Wes Anderson’s ‘Isle of Dogs’ Under Fire for Cultural Appropriation

Jeff Goldblum, Bill Murray, Bob Balaban, Edward Norton, Bryan Cranston, and Koyu Rankin in Isle of Dogs (American Empirical Pictures, 2018)
American Empirical Pictures

A columnist for The Hollywood Reporter has questioned whether Wes Anderson’s new film Isle of Dogs engages in cultural appropriation. Not the appropriation of the culture of dogs, but of Japan.

Isle of Dogs, an animated feature set twenty years in the future in Japan, tells the tale of a group of dogs who are infected with dog flu and snout virus. In response, Mayor Kobayashi banishes the infected hounds to a garbage-dump island called Megasaki.

How does this plot constitute an appropriation of Japanese culture? According to Hollywood Reporter columnist Marc Bernardin, it’s because the film doesn’t use enough Japanese voices.

Bernardin explains:

Wes Anderson’s Isle of Dogs is wading into a world that didn’t exist when he started making his stop-motion fable about a Japanese boy lost on a completely canine island. Even two years ago, when Travis Knight’s Kubo and the Two Strings hit theaters, the conversation there was about whitewashing, about populating an inherently Japanese story with an overwhelmingly white voice cast. But few of the people who came for Kubodidn’t take issue with the fact that the story was being told by an almost entirely non-Japanese creative team. (You have to scroll a bit on Kubo’s IMDb page before you get to John Aoshima, the head of story.)

But as traditionally marginalized audiences begin to find their collective voice, things that used to fly … don’t. In Isle of Dogs, Anderson sets his boy-and-his-pooch story in the fictional island of Megasaki, where a nation’s dogs have been exiled, left to fend for themselves. The conceit of this film is that all of the dogs speak English, and are voiced by actors like Edward Norton, Bill Murray, Jeff Goldblum, Liev Schreiber, Bryan Cranston and Scarlett Johansson. The overwhelming majority of the human characters are Japanese and they all speak in Japanese, which is conveyed to an English-speaking audience through subtitles or a translator or, sometimes, not translated at all.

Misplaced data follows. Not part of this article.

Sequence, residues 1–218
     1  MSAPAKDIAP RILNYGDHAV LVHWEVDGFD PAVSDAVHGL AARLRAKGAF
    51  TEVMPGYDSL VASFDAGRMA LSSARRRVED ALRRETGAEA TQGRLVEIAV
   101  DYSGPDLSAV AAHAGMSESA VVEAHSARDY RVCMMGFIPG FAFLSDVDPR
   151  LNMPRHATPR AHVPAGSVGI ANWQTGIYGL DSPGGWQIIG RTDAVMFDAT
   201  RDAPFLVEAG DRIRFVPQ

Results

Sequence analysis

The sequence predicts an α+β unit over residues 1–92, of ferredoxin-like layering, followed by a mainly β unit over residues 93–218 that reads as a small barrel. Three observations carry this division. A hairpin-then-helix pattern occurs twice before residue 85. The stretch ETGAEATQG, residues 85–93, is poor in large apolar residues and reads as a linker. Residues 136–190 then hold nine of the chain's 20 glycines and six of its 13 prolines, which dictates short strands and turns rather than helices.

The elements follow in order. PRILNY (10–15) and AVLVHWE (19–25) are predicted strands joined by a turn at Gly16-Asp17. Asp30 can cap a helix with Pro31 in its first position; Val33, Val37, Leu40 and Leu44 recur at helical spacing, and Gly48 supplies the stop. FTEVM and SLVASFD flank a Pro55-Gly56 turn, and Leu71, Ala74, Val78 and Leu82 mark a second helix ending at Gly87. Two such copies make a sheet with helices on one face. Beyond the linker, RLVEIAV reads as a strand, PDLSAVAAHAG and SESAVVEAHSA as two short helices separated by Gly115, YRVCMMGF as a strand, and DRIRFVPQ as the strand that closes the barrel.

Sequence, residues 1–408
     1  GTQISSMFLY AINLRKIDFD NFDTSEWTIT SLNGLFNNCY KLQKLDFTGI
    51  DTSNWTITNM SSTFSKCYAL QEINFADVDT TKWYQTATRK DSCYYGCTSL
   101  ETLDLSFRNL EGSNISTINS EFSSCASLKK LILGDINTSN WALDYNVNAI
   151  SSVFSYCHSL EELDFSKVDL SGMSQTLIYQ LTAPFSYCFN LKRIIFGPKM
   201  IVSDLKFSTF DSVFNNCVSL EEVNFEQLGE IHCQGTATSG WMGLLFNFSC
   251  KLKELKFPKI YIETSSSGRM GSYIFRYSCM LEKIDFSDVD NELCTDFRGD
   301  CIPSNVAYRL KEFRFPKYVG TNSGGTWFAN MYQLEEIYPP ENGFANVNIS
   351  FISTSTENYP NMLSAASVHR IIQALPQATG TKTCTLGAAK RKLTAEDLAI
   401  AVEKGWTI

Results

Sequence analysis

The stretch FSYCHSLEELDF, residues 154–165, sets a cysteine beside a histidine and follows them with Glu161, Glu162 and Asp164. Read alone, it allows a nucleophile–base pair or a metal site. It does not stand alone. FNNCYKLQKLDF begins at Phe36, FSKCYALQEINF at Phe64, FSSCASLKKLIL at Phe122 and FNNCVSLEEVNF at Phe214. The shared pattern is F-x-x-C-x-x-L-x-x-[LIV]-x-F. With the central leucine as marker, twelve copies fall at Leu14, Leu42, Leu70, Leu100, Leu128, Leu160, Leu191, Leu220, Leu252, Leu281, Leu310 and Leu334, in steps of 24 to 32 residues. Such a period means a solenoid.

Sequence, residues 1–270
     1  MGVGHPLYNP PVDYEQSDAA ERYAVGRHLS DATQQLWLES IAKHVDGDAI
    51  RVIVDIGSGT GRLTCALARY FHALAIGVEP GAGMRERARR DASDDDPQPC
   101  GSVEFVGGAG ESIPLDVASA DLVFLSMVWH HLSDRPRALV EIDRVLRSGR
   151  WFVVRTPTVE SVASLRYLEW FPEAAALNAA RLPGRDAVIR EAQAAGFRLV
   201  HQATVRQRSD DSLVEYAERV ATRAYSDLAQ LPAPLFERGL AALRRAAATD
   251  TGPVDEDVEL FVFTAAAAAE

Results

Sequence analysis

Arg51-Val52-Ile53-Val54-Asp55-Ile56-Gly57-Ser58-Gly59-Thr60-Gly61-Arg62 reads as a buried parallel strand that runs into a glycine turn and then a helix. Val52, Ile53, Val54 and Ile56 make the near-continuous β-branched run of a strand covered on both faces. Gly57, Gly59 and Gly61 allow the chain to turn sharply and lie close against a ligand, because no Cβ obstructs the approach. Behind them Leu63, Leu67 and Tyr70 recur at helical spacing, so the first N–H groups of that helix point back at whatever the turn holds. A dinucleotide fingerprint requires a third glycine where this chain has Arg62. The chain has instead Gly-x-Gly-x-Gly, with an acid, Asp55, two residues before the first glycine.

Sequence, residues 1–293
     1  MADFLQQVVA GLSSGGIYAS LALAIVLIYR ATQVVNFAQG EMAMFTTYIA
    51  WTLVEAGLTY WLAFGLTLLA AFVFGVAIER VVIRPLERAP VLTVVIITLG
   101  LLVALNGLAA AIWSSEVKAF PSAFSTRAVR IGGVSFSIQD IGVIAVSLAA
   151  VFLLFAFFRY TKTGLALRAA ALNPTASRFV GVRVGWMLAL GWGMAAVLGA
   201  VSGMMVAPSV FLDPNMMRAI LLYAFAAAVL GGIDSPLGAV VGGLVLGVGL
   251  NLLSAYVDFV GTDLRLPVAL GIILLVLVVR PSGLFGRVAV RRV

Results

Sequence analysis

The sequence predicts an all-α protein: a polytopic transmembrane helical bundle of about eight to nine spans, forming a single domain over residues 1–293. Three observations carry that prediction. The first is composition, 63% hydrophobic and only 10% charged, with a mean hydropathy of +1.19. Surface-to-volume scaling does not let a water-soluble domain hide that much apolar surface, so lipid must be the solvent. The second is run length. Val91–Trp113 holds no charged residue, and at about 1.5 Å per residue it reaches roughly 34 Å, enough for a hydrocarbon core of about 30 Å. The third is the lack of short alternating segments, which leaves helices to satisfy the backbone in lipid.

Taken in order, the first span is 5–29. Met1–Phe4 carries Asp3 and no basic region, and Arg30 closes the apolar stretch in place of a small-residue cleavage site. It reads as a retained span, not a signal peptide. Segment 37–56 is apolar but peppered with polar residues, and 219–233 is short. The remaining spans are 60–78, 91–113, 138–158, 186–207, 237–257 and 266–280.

Bernardin views the issue in terms of empathy with subject matter and who gets to tell the story.

“We empathize with those we can understand. Literally,” he writes. “By placing the Japanese characters behind a wall of language, Isle of Dogs is placing its empathetic weight on the canine characters. Which are all voiced by white actors.”

Yet the movie, says Bernardin, poses a larger question about who gets to do storytelling in film.

Bernardin writes:

The question of who gets to make what art is a thorny one. Are we allowed, as artists, to tell stories that move us, or are we supposed to pass some kind of test to be allowed to tell those stories? And who is grading that test? If I’m, say, a Mexican filmmaker who loves giant robots and giant monsters, do I have to present myself to an anime gatekeeper for permission? If I’m a Scottish filmmaker who desperately wants to devote years of his life to tell a romance set in Mumbai during a run on Who Wants to Be a Millionaire, can I just do it … and later win an Oscar for it?